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‘It’s Anti-Woman’ – Riley Gaines Condemns Biden Administration’s Latest Title IX Rewrite

Well, University of Kentucky swimmer Riley Gaines didn’t hide her feelings regarding Biden’s Title IX rewrite.

And I don’t blame her.

It’s more ‘protect trans’ nonsense.

She called it the “most anti-woman” move of this administration.

Gaines shared her views during a virtual press conference, where she highlighted the overhaul’s focus on protecting LGBTQ+ students and altering how sexual harassment and assault claims are handled on campuses.

Fox News reports:

Former University of Kentucky swimmer Riley Gaines called President Joe Biden’s overhaul of Title IX the “most anti-woman” pursuit of this administration as six other states filed a lawsuit challenging the new provisions on Tuesday.

Speaking at a virtual press conference attended by Tennessee Attorney General Jonathan Skrmetti and West Virginia Attorney General Patrick Morrisey, Gaines spoke at length about the overhaul which aims at safeguarding LGBTQ+ students and changing the ways in which sexual harassment and assault claims are adjudicated on campus.

“This is the most anti-woman, anti-reality pursuit we have seen from this administration thus far,” Gaines, an OutKick contributor who hosts the “Gaines for Girls” podcast, said.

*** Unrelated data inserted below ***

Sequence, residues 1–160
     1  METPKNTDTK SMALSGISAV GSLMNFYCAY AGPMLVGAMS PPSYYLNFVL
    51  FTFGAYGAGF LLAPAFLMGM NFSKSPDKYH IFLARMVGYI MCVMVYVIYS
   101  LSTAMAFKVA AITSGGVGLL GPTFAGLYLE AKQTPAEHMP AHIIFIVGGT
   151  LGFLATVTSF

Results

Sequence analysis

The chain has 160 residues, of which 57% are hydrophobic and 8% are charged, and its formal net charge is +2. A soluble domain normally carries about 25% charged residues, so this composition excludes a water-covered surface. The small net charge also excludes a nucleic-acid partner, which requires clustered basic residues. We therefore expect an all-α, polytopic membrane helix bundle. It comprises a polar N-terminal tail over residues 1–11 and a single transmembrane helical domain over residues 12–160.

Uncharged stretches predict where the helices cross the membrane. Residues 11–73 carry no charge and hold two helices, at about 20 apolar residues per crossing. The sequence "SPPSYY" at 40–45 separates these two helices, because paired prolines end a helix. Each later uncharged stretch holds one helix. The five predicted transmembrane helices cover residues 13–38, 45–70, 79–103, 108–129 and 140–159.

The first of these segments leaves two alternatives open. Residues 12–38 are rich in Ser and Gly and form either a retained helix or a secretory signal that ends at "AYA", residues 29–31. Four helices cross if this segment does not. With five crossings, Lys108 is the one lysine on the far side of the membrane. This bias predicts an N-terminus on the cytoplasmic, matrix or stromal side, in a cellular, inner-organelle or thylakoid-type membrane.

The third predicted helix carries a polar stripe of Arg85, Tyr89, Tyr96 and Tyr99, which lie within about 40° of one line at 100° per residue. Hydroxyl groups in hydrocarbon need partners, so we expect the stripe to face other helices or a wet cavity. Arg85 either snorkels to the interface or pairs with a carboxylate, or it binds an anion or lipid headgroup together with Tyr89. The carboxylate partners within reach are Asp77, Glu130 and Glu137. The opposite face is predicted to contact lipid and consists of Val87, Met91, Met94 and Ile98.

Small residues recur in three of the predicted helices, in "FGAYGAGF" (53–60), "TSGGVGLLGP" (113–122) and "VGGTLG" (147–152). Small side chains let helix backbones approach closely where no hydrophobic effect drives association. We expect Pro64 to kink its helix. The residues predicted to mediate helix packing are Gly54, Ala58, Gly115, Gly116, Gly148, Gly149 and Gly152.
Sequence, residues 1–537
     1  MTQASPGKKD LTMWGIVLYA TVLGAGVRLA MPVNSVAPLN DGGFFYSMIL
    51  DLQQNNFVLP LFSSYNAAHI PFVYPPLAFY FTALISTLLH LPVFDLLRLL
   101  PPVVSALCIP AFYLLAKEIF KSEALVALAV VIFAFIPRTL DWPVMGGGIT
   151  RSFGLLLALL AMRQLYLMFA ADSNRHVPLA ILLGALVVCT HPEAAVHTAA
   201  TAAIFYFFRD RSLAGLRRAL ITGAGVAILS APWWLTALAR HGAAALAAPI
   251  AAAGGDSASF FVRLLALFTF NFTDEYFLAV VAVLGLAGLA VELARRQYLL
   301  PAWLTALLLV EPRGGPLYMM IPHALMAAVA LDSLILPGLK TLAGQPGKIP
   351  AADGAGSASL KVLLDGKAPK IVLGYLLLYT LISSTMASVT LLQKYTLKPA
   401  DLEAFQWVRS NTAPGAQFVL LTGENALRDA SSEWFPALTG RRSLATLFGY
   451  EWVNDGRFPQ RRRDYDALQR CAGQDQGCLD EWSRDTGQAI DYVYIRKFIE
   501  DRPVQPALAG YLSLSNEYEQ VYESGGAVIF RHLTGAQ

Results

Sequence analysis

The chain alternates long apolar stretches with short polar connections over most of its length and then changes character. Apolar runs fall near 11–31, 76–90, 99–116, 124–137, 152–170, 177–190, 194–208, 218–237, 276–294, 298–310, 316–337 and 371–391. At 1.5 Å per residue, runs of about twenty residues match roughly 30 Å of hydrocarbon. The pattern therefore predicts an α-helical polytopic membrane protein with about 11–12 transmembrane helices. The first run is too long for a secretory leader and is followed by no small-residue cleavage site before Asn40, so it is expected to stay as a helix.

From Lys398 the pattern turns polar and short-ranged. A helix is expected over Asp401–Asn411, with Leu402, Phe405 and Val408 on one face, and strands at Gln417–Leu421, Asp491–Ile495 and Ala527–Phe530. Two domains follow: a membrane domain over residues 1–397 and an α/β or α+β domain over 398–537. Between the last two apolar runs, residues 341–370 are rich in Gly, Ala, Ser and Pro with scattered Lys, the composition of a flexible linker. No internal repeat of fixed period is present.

“Across the country and in various sports, males are entering women’s athletic competitions, being given spots on women’s teams, and being granted entry into our locker rooms. To date, males have stolen over 943 trophies, medals and titles from women and girls across 458 different competitions and in over 31 different sports. But the harm they cause is exponential, as every time a man even competes in an event or makes a team, a female athlete loses an opportunity to race, a spot on that team or playing time on the field.”

Gaines also expressed concern over women’s spaces, including in locker rooms.

“Allowing males to compete in women’s sports is risky, it is unfair, it is discriminatory, and it is regressive. And it must stop. Which is exactly why we have been so tenacious in this pursuit for sex-based protections. I know that the six attorney generals, including General Skrmetti and General Morrisey, will not quit until women and girls sports, spaces and opportunities are for women and girls only.”

While the administration’s new rules broadly protect against discrimination based on sex, they do not offer guidance around transgender athletes, but many Republican states argue that they could be interpreted as such.

Tuesday’s filing, co-led by Tennessee, West Virginia and Kentucky and joined by Virginia, Ohio, and Indiana, also challenges the authority of the rewrite.

“The new rules expand the definition of Title IX sex discrimination to include gender identity, which is something that’s just not consistent with the text of the statute,” Skrmetti said Tuesday.

I agree 100% with Gaines.

Those that follow the trans ideology have no place injecting themselves into women’s places.

Women’s places are for women.

That’s for them.

It’s not like boys have to deal with girls coming into their places.

I wonder what will stop this slippery slope.

We see it even in the powerlifting world.